We here at Black Girls Rock! totally understand how, at one point or another, hair has has played a significant role in a black girl’s life. Our complicated relationship to our hair stems back centuries ago to the time of slavery, when our hair texture and skin color served as the main signifiers of our African heritage. Pulitzer Prize-winner Toni Morrison has featured hair as a primary subject in her groundbreaking novels Sula, The Bluest Eye and Tar Baby, along with a number of other black authors concerned with addressing the black female identity.
Today, “sales of home relaxers total $45.6 million (excluding Wal-Mart),” while inner-city Black communities are sprinkled with black hair salons about every two blocks. Hundreds upon thousands of black women have created websites, blogs, and online photo albums critiquing, lamenting, and celebrating their hair, whether it be relaxed, natural, or in transition between both. And, who could forget the long hours they’ve spent getting their hair “did” by either their mother, various family members, a friend, or a stranger? The age-old debate surrounding “good” versus “bad” hair can also be found within this complex legacy.
Recently, comedian Chris Rock has decided to bring this debate to a much larger platform–the silver screen. Puzzled by why his daughter would question the value of her hair, Rock went on a mission to uncover the source of this self-deprecation by creating a documentary aptly-titled “Good Hair,” which won the jury prize at Sundance. Peep the trailer below:
But why did it take a man to bring black womens’ historic struggles with their hair to the forefront?
Well, realizing the amount of buzz Rock’s documentary has been generating, The New York Times promptly featured an article intending to shed light on not only the “good/bad” hair debate, but black hair in general. Judging by the introductory nature of the article, black women were not the target audience. Consequently, the article seems superficial and plain ol’ tired to the same subjects that the author attempts to analyze. We’ve heard all this before! As in most issues that involve both race and gender, the author eventually makes an effort to transcend the racial component of the debate all together:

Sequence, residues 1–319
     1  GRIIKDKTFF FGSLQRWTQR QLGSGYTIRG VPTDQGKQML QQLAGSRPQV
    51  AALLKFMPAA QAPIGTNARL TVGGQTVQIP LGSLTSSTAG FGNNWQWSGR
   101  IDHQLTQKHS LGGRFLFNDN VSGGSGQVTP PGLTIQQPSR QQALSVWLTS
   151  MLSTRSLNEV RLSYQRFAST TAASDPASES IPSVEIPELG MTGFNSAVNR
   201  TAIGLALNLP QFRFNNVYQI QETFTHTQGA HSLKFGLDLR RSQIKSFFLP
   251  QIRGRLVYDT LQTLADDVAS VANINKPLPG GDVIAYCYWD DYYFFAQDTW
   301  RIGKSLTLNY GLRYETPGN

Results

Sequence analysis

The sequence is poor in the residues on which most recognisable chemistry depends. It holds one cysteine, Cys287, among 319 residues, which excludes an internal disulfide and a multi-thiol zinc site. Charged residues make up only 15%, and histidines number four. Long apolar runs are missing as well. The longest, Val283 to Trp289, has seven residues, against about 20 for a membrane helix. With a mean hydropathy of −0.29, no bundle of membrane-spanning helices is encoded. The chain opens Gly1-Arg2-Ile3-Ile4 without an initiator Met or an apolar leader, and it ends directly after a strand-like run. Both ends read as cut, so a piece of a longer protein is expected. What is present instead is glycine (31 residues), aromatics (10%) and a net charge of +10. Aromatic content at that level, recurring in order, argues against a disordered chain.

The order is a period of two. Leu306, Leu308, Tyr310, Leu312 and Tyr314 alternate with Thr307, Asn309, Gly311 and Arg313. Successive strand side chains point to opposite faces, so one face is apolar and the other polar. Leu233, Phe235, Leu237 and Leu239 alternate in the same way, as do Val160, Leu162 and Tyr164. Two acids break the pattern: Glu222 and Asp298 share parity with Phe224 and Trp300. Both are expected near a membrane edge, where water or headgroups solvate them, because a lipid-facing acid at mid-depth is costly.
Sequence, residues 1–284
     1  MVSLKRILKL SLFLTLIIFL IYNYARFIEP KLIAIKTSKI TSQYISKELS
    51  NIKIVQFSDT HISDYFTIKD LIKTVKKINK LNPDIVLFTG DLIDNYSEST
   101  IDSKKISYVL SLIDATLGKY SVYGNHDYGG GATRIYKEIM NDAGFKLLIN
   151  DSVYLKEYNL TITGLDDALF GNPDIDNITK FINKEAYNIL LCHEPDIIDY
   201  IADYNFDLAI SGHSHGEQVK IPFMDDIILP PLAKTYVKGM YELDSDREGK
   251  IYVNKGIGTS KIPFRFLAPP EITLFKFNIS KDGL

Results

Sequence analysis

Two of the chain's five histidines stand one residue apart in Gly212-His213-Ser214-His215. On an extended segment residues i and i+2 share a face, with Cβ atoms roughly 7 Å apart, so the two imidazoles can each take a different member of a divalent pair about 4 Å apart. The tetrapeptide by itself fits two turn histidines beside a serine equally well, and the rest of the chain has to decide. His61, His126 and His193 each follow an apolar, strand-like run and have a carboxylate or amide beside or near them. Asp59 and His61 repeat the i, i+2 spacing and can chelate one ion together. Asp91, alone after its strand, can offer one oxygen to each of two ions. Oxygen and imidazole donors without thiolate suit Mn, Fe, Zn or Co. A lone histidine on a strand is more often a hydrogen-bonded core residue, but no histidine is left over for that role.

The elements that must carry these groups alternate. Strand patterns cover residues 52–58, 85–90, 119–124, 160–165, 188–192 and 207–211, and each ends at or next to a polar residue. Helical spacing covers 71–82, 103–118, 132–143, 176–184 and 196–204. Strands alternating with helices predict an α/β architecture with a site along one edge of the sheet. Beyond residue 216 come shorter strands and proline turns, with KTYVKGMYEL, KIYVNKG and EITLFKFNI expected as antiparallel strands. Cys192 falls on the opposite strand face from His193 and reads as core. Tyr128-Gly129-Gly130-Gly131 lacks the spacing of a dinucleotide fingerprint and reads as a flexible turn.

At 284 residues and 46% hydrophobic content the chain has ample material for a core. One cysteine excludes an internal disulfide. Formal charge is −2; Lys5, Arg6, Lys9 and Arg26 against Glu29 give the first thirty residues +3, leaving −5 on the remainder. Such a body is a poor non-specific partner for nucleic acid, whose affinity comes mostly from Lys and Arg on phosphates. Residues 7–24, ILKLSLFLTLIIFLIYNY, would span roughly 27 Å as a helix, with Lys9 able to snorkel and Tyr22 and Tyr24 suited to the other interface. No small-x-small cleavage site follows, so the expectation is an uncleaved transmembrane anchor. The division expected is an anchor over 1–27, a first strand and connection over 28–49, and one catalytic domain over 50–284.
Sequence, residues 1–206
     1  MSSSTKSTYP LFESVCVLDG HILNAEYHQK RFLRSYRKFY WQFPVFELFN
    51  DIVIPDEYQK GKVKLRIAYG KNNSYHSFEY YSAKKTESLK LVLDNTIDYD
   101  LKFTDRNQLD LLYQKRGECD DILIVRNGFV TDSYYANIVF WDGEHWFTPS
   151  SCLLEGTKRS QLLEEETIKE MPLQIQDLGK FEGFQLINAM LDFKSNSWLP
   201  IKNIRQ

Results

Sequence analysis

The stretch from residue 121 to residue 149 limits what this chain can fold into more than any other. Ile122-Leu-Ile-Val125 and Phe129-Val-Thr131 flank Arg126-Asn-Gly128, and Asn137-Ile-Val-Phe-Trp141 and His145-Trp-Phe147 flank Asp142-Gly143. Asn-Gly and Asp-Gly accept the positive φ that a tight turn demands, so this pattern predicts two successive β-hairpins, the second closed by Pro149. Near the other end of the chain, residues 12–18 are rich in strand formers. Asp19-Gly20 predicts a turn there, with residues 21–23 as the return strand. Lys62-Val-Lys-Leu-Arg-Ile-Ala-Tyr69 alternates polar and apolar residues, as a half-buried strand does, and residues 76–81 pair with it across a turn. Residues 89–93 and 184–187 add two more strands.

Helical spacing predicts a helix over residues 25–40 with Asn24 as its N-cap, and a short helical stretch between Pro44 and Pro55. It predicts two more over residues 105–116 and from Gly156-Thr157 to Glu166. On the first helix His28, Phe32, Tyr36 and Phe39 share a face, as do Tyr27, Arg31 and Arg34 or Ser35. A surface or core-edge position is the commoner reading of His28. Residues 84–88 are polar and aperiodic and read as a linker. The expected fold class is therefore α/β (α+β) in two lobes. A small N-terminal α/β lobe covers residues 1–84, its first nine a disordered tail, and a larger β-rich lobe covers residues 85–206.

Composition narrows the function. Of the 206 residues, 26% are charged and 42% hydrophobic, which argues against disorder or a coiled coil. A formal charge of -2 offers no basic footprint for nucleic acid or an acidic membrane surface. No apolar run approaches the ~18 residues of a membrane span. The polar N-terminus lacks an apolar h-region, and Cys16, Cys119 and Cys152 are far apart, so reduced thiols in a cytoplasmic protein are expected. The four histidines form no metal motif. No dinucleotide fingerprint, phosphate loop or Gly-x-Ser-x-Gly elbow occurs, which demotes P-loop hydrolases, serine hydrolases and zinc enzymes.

For many people no matter their race or hair texture, accepting yourself “as you are” is a high bar. The history of beauty is one of dissatisfaction and transformation: brunettes become blondes; white women get their curly hair Japanese-straightened.
Sigh. No. No. No. This is the reason why discussions surrounding black hair always seems to ambiguously trail off without anyone having gotten to the bottom of things. The issue of gender and the role that beauty plays in women’s social identification gets the spotlight because no one either wishes to or even knows how to touch on the centuries-old racism that is inextricably tied to black women’s social identification. Prominent black feminist scholar bell hooks explains this same entanglement in her 1988 article “Straightening My Hair“:
Irrespective of the way individual black women choose to do their hair, it is evident that the extent to which we suffer from racist and sexist oppression and exploitation affects the degree to which we feel capable of both self-love and asserting an autonomous presence that is acceptable and pleasing to ourselves. Individual preferences (whether rooted in self-hate or not) cannot negate the reality that our collective obsession with straightening black hair reflects the psychology of oppression and the impact of racist colonization. Together racism and sexism daily reinforce to all black females via the media, advertizing, etc. that we will not be considered beautiful or desirable if we do not change ourselves, especially our hair. We cannot resist this socialization if we deny that white supremacy informs our efforts to construct self and identity.
Rock on, bell hooks! As hooks’ analysis demonstrates, seemingly-trivial debates such as “good/bad” hair stem back deeply to much more disastrous roots. So now I dare you, go forth and analyze what black hair means to you (“It’s just hair” will not suffice), remember that anything worth figuring out is, initially, never simple!
What are your thoughts on black hair? Have your own hair story to share with BGR? Thoughts on the NYT article? Feel free to leave comments!